Concert Offers Messages Of Hope For Sandy Victims [VIDEO]
From “Livin’ on a Prayer” to “The LivingÂ Proof,” every song Friday at NBC’s benefit concert for superstormÂ Sandy victims became a message song.
New Jersey’s Jon Bon Jovi gave extra meaning to “Who Says YouÂ Can’t Go Home.” Billy Joel worked in a reference to Staten Island,Â the decimated New York City borough. The hourlong event, hosted byÂ Matt Lauer, was heavy on stars and lyrics identified with NewÂ Jersey and the New York metropolitan area, which took the brunt ofÂ this week’s deadly storm.
The telethon was a mix of music, stormÂ footage and calls for donations from Jon Stewart, Tina Fey, WhoopiÂ Goldberg and others.
The mood was somber but hopeful, from Christina Aguilera’sÂ ”Beautiful” to Bon Jovi’s “Livin’ on a Prayer” and a tearfulÂ Mary J. Blige’s “The Living Proof,” her ballad of resilience withÂ the timely declaration that “the worst is over/I can start living
Joel rocked out with “Miami 2017 (Seen the Lights Go Out onÂ Broadway),” a song born from crisis, New York City’s nearÂ bankruptcy in the 1970s, while Jimmy Fallon endured a faultyÂ microphone and gamely led an all-star performance of the Drifters’Â ”Under the Boardwalk” that featured Joel, Bruce Springsteen andÂ Steven Tyler. The Aerosmith frontman then sat behind a piano andÂ gave his all on a strained but deeply emotional “Dream On.”
StingÂ was equally passionate during an acoustic, muscular version of TheÂ Police hit “Message In a Bottle” and its promise to “send an SOSÂ to the world.”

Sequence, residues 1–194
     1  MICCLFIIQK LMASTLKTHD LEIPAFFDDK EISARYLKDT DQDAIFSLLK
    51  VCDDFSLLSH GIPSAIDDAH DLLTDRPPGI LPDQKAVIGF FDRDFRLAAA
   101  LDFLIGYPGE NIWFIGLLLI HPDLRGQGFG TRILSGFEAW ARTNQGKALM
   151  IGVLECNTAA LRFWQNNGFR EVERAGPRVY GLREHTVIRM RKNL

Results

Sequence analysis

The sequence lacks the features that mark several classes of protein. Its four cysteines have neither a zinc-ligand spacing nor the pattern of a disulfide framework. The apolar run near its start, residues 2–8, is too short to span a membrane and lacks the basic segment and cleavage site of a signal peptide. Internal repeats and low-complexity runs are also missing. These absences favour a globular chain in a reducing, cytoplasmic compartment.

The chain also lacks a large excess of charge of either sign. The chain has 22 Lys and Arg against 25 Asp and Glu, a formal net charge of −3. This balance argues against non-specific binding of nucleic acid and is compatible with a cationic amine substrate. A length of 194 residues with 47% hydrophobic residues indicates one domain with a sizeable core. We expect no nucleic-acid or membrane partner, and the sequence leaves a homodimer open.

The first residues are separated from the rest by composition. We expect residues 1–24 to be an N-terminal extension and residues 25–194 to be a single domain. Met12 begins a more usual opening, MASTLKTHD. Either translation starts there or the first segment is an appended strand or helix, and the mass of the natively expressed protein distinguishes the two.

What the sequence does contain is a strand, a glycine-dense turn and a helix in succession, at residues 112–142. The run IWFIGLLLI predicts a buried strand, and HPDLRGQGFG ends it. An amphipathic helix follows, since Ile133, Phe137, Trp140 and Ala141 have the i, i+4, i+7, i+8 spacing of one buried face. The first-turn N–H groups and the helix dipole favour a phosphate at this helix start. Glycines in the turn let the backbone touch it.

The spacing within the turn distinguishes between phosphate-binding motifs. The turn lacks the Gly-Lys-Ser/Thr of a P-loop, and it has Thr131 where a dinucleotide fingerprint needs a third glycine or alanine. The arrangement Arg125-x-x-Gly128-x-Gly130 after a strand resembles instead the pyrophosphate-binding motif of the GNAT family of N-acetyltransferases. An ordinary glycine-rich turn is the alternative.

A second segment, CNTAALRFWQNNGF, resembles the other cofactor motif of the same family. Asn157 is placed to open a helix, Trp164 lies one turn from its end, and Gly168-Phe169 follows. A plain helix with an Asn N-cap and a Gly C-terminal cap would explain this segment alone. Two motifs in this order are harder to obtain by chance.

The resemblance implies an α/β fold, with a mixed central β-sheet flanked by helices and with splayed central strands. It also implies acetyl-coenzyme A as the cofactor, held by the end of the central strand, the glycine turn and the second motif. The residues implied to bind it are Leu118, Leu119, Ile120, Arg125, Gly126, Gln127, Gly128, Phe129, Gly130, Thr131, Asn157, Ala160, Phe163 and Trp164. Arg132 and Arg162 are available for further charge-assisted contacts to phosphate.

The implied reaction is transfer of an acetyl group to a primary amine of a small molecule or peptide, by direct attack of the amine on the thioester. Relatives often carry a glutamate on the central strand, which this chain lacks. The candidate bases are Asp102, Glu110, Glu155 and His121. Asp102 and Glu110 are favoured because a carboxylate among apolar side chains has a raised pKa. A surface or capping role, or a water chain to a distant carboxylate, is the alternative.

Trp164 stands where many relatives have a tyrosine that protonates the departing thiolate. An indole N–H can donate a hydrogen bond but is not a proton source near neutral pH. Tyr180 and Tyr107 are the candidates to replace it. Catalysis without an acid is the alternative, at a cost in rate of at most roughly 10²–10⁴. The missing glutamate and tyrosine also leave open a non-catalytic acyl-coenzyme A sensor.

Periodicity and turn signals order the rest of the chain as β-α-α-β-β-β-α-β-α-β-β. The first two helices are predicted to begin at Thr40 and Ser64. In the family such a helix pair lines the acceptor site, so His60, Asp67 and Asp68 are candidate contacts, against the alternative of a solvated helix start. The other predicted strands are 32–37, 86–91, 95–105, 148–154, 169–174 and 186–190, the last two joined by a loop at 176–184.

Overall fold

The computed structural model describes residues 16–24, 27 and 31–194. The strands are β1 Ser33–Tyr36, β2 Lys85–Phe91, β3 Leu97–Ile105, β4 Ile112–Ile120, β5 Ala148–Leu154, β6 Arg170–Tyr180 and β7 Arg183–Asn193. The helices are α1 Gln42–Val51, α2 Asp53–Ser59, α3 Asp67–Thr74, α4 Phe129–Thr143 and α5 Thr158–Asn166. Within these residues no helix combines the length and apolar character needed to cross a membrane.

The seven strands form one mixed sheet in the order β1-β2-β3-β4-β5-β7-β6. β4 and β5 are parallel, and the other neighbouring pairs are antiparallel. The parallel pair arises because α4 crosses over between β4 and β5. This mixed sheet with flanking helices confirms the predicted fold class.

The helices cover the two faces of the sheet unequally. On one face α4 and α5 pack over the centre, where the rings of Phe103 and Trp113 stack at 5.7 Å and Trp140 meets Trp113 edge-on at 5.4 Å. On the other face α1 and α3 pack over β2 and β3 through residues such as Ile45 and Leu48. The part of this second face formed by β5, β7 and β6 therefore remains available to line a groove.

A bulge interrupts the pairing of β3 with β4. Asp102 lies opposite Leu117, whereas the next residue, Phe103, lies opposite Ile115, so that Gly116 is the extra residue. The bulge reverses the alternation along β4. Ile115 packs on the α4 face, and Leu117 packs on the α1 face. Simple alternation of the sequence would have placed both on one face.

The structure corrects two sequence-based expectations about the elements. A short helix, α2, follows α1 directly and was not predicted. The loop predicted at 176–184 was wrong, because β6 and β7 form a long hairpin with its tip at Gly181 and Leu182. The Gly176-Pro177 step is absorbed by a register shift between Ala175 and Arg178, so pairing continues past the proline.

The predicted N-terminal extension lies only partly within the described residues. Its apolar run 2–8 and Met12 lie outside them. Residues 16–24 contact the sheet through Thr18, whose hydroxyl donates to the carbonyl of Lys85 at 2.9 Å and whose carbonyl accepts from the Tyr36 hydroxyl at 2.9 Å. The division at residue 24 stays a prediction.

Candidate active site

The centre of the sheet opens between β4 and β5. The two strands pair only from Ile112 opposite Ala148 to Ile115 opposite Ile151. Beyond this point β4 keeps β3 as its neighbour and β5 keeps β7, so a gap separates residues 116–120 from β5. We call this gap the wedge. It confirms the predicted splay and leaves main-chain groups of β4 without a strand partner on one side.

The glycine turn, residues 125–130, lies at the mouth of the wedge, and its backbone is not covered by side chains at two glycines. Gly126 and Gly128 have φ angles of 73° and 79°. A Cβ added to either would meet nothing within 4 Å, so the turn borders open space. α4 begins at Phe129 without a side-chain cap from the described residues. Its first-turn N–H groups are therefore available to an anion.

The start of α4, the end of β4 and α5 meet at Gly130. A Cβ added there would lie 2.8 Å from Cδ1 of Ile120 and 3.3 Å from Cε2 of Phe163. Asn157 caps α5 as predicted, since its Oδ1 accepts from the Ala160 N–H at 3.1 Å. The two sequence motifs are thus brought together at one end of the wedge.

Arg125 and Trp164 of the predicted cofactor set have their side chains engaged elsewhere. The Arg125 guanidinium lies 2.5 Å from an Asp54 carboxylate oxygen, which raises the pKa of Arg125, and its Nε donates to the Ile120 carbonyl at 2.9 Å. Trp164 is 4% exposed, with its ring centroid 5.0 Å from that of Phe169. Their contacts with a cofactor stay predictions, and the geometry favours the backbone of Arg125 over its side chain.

The show ended, as it only could, with Springsteen and the EÂ Street Band, tearing into “Land Of Hope and Dreams.”Â ”God bless New York,” Springsteen, New Jersey’s ageless nativeÂ son, said in conclusion. “God bless the Jersey shore.”
The stable of NBC Universal networks, including USA, CNBC,Â MSNBC, E! Entertainment, The Weather Channel and Bravo, aired theÂ concert live from the NBC studios in Rockefeller Center in midtownÂ Manhattan, several blocks north of where the city went days withoutÂ power.
NBC Universal invited other networks to televise the event, butÂ not everyone signed on.Â That might have something to do with network rivalries.Â In the wake of the Sept. 11 terrorist attacks, the networksÂ organized a benefit together behind the scenes and it was televisedÂ on more than 30 networks simultaneously, including all the bigÂ broadcasters.
After Hurricane Katrina, NBC televised its own benefit beforeÂ the other broadcasters, one that became best known for Kanye West’sÂ off-script declaration that “George Bush doesn’t care about blackÂ people.” The other broadcasters cooperated on their own telethon aÂ week later, and NBC televised that one, too.
Also this year, NBC organized and scheduled a telethon and gaveÂ others the chance to air it.Â Others declined to televise Friday’s telethon, even though ABCÂ parent Walt Disney Co. said it would donate $2 million to theÂ American Red Cross and various ABC shows will promote a “Day ofÂ Giving” on Monday. The CBS Corp., Viacom Inc., parent of “Jersey
Shore” network MTV, Fox network owner News Corp. also announced
big donations to the Red Cross.